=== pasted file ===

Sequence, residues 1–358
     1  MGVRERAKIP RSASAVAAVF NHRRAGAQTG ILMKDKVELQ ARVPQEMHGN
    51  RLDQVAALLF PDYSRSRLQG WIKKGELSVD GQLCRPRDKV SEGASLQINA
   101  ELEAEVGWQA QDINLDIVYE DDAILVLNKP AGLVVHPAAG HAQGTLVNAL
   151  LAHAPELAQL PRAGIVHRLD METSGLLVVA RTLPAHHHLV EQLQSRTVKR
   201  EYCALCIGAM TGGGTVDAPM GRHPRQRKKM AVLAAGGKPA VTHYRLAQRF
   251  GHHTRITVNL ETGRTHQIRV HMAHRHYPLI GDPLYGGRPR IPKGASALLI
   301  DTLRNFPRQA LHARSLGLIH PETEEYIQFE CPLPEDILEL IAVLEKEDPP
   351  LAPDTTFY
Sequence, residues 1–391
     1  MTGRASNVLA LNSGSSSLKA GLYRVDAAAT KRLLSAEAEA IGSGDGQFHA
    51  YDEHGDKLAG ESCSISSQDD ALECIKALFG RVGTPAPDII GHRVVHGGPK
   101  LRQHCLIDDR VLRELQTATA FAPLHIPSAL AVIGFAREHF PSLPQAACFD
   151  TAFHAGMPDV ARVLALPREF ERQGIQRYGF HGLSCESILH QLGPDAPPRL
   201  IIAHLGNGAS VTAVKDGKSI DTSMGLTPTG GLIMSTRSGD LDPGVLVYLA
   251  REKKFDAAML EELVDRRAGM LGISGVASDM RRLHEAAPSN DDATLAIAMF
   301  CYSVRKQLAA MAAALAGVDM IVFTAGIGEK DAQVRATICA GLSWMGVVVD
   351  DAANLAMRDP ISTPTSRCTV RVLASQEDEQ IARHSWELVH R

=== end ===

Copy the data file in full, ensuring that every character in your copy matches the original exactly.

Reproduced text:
Sequence, residues 1–358
     1  MGVRERAKIP RSASAVAAVF NHRRAGAQTG ILMKDKVELQ ARVPQEMHGN
    51  RLDQVAALLF PDYSRSRLQG WIKKGELSVD GQLCRPRDKV SEGASLQINA
   101  ELEAEVGWQA QDINLDIVYE DDAILVLNKP AGLVVHPAAG HAQGTLVNAL
   151  LAHAPELAQL PRAGIVHRLD METSGLLVVA RTLPAHHHLV EQLQSRTVKR
   201  EYCALCIGAM TGGGTVDAPM GRHPRQRKKM AVLAAGGKPA VTHYRLAQRF
   251  GHHTRITVNL ETGRTHQIRV HMAHRHYPLI GDPLYGGRPR IPKGASALLI
   301  DTLRNFPRQA LHARSLGLIH PETEEYIQFE CPLPEDILEL IAVLEKEDPP
   351  LAPDTTFY
Sequence, residues 1–391
     1  MTGRASNVLA LNSGSSSLKA GLYRVDAAAT KRLLSAEAEA IGSGDGQFHA
    51  YDEHGDKLAG ESCSISSQDD ALECIKALFG RVGTPAPDII GHRVVHGGPK
   101  LRQHCLIDDR VLRELQTATA FAPLHIPSAL AVIGFAREHF PSLPQAACFD
   151  TAFHAGMPDV ARVLALPREF ERQGIQRYGF HGLSCESILH QLGPDAPPRL
   201  IIAHLGNGAS VTAVKDGKSI DTSMGLTPTG GLIMSTRSGD LDPGVLVYLA
   251  REKKFDAAML EELVDRRAGM LGISGVASDM RRLHEAAPSN DDATLAIAMF
   301  CYSVRKQLAA MAAALAGVDM IVFTAGIGEK DAQVRATICA GLSWMGVVVD
   351  DAANLAMRDP ISTPTSRCTV RVLASQEDEQ IARHSWELVH R